• Nightfall adds another degree of difficulty to the whole process because there really aren’t any street lights (unless you’re on a main road in Phnom Penh or there’s a restaurant or business open late). As does rain – especially when pot holes and unpaved roads are present. Just imagine walking down the middle of the street dodging traffic (that could be coming from any direction), power lines, and potholes. And, if it’s dark, only being able to use oncoming headlights to see. I don’t think crossing the street in the US will be much of a problem anymore.
  • While there may not be any city buses in Cambodia, I did ride an inter city bus round trip between Phnom Penh and Siem Reap, which

    Try sleeping when the bus rolls down a street like this.

    turned out to be six hours of absolute torture. Why? Well, for one thing the roads weren’t always paved, smooth or both (try sleeping on a bus and smacking your head on the window when the bus hits a pothole every couple minutes). There were literally parts of the trip where I had to grab the seat in front of me to avoid falling into the aisle – and I had a window seat on both legs of the trip.

  • Another problem I had (and it’s a common one for me in Southeast Asia) is that the seats were designed for Asian body types, which means they were smaller and closer together than airline seats. When you happen to be around 6 feet tall with pretty broad shoulders, that’s not necessarily a good thing. On the trip to Siem Reap the guy sitting next to was so small, and I was so large, that his shoulder was jammed into my rib cage for pretty much the entire six hour trip. And, because the seat was so small I couldn’t move. It made hitting those bumps and potholes feel extra special. Although the trip back to Phnom Penh may have been even worse as there was a wall in front of my seat that prevented me from extending my legs. So, I had to sit in the exact same position (unless I wanted to sit on the lap of the guy sitting next to me) for six hours. I think it took at least two days for my legs to straighten properly after that.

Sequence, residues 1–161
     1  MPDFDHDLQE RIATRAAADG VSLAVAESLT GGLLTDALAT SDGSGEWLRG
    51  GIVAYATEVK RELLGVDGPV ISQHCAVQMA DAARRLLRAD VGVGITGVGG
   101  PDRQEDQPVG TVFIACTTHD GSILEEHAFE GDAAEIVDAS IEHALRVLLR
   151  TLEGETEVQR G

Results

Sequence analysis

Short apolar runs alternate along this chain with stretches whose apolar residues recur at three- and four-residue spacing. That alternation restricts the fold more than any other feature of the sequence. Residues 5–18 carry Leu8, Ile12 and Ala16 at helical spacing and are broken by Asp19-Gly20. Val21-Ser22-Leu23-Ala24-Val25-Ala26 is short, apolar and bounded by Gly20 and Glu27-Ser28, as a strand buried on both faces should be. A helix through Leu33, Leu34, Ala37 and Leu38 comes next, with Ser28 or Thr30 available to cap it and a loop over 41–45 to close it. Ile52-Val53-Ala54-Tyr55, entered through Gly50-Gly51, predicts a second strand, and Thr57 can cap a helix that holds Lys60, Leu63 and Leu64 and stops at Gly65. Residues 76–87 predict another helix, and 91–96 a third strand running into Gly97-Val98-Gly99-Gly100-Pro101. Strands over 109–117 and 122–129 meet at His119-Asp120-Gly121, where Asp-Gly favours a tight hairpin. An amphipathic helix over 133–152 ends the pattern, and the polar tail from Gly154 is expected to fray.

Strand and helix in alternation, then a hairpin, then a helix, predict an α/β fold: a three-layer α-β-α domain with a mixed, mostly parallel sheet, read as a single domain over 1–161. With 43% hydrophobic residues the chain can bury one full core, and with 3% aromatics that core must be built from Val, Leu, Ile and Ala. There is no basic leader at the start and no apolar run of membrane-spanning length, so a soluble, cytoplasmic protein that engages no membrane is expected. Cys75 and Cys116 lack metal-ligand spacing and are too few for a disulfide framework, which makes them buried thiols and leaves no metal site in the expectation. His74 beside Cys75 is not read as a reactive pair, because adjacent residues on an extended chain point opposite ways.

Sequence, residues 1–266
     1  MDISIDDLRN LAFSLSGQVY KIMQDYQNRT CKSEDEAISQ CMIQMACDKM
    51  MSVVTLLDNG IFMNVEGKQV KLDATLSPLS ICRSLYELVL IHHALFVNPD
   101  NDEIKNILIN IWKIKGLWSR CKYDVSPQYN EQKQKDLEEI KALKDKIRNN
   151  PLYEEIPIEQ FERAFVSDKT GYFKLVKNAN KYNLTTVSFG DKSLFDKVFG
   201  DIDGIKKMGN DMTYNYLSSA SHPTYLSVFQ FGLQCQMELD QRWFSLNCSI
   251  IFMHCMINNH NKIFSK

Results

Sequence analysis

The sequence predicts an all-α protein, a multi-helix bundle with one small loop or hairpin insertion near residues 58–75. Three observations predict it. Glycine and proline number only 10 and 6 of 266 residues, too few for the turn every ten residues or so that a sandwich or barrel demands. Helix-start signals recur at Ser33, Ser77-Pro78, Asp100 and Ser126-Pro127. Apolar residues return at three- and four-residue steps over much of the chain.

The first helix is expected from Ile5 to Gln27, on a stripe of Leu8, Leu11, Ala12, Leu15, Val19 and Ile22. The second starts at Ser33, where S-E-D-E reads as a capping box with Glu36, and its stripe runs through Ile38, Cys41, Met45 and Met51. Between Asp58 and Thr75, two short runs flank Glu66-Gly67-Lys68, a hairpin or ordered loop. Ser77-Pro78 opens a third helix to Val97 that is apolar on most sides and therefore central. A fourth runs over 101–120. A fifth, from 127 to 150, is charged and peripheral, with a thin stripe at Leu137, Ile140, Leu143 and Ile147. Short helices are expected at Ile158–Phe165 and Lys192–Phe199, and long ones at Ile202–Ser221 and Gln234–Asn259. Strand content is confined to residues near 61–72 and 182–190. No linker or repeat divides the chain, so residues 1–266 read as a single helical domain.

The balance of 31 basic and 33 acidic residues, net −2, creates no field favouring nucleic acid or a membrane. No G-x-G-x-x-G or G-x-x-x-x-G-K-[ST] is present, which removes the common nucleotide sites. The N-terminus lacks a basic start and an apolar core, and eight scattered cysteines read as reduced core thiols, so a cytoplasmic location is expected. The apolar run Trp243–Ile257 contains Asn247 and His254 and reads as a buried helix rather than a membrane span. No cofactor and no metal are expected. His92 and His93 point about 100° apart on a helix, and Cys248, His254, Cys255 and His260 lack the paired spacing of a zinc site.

• To make the return trip even worse, there was an older couple behind me that decided to play the role of the ‘Ugly Tourists’. When I tried to get on the bus, they were sitting in my seat. I didn’t think it was a big deal (I was going to have turn myself into a pretzel to fit in the seat anyway, so what did it matter if I was in the first or second row?), but apparently it was a very big deal to the bus company. I’m not sure what happened because I waited outside, but apparently a major argument ensued between the couple (who thought they were in the correct seats) and the workers (who were trying to tell them they were in the wrong seats). After about 5-10 minutes I was escorted to me seat where I heard the older lady (who was in the seat behind me) talking on her phone and scolding her hotel for for embarrassing her and her husband (since the hotel booked the wrong seats it was obviously all their fault).
  • As for the sights in Cambodia, I was there for Angkor Wat but the Killing Fields outside Phnom Penh stole the show. I’m not certain the Royal Palace and Silver Pagoda were worth the price of admission, but they were still interesting.
    •  I’ll save the Killing Fields for another post – believe me, it’ll be more than worth it.
    • Angkor Wat and the rest of the temples were definitely cool, and I had a great guide to show me around, but it just seemed like

      Angkor Wat